Colley Cibber was born in Bloomsbury, London, the eldest son of a distinguished Danish sculptor. He was given his mother’s maiden name as his Christian name. He was educated at the King’s School, Grantham where his mother had previously lived, leaving at the age of sixteen. In 1688 he joined the service of his father’s patron, Charles Cavendish, 1st Duke of Devonshire, one of the main supporters of the Glorious Revolution which saw King James II deposed.
He started work as an actor in 1690 at Drury Lane, becoming throughout his career one of the best comedy actors in England for his parts as a fop but his performance in tragic parts was considered poor. He went on to become the owner of this theatre in 1710, retaining it until 1733, the year after he retired as an actor. He was also a prolific playwright, producing around thirty plays, around half of which were adaptations from plays written by other playwrights. His first and best known play is Love’s Last Shift, the tale of a woman who reforms her rakish husband after masquerading as a prostitute and seducing him. Other popular ones were She Would and She Would Not (1702), The Careless Husband (1704) and The Non-Juror (1717).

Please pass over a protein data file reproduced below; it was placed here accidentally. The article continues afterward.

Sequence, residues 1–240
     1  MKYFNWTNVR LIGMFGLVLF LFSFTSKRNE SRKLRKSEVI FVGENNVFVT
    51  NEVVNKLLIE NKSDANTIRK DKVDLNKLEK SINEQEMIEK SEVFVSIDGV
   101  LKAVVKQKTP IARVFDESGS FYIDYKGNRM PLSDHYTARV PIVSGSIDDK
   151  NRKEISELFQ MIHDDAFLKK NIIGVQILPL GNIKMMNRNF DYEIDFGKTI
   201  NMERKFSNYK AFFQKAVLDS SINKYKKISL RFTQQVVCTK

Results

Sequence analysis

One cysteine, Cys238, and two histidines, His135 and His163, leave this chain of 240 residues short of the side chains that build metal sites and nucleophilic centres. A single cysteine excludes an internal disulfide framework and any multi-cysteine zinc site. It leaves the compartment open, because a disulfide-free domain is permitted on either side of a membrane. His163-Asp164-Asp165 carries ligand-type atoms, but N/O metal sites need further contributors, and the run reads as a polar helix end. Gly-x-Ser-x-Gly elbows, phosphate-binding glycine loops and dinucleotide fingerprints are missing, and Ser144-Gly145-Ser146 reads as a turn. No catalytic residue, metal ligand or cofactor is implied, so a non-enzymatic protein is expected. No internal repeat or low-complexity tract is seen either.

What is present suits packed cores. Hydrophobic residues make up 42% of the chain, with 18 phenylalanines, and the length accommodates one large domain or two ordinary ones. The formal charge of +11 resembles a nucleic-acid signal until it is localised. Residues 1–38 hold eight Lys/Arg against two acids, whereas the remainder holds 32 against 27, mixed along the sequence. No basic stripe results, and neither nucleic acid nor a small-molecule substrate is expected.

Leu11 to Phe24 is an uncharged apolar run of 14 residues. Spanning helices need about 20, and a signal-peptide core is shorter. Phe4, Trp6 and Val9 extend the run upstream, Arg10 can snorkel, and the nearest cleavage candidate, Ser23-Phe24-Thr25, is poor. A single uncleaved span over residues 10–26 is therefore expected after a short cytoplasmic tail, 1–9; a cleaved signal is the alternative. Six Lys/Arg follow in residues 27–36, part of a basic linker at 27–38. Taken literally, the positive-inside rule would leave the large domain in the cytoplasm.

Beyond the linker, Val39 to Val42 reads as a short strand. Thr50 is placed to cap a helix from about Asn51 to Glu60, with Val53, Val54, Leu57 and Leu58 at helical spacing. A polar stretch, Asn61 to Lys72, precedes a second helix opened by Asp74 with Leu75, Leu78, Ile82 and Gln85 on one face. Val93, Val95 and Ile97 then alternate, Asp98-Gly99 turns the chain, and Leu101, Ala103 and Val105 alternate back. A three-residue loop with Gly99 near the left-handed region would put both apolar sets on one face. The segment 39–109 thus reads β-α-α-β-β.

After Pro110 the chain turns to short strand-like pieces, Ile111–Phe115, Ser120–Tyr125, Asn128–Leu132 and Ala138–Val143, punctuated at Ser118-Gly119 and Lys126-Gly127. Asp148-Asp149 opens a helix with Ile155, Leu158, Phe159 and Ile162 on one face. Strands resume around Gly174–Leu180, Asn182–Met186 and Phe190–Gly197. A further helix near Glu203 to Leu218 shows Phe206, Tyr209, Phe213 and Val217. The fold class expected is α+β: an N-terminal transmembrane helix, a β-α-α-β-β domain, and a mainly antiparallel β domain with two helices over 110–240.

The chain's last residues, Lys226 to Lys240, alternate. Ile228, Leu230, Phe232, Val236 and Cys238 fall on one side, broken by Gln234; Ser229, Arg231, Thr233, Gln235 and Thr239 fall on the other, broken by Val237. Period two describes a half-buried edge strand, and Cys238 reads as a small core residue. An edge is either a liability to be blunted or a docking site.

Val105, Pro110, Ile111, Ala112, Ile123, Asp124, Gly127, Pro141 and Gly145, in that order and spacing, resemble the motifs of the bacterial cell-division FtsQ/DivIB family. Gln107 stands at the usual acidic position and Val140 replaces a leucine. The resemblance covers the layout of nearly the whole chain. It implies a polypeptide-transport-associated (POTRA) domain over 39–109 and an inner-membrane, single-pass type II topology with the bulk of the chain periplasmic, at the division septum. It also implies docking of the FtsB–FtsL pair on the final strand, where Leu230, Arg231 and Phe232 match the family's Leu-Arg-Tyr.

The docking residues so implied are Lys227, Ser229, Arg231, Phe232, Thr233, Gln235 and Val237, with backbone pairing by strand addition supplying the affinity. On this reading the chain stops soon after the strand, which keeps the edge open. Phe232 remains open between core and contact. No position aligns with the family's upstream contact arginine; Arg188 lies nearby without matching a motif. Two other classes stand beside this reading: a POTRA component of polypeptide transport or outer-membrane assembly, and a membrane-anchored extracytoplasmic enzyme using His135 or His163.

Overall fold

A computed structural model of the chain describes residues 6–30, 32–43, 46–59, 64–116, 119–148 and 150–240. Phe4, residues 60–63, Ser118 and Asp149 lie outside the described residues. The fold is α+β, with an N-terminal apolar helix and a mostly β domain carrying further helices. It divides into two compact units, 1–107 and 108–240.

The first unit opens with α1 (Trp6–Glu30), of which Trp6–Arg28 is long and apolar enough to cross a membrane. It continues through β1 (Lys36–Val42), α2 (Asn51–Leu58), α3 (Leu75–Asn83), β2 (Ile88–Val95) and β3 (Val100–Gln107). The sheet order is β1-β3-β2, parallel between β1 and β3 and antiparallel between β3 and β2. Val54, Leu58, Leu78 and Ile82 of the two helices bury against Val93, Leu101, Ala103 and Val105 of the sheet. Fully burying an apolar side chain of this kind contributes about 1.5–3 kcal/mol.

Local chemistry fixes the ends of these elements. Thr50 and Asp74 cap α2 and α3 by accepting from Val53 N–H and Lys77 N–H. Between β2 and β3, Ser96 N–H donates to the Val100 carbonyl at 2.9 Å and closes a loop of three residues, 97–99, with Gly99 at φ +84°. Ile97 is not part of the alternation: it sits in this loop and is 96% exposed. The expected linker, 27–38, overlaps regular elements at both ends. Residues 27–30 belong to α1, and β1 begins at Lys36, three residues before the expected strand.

He got married in 1693 to Katherine Shore, the daughter of the Sergeant trumpeter to the King. She bore him twelve children, six of whom died in infancy. Two of the surviving ones, his son Theophilus and his daughter Charlotte became successful actors.
Cibber also wrote poetry, most of which was poorly regarded, in spite of which to the general outrage of the literary community, he was appointed poet laureate in 1730. This was a political rather than a meritocratic decision based on his untiring support for Robert Walpole’s Whig cause, as contemporary poets of the calibre of John Donne and Jonathan Swift, both Tories, were clearly superior. This and other issues sparked a long-running feud between Donne and Cibber, Donne later ridiculing him in his revised Dunciad as the King of Dunces. Cibber also wrote an autobiography in 1740 which, although full of self-praise, gives an interesting insight into the theatrical world of that period. Cibber died in 1757, having been cared for in his old age by his eldest daughter who was the principal beneficiary in his will.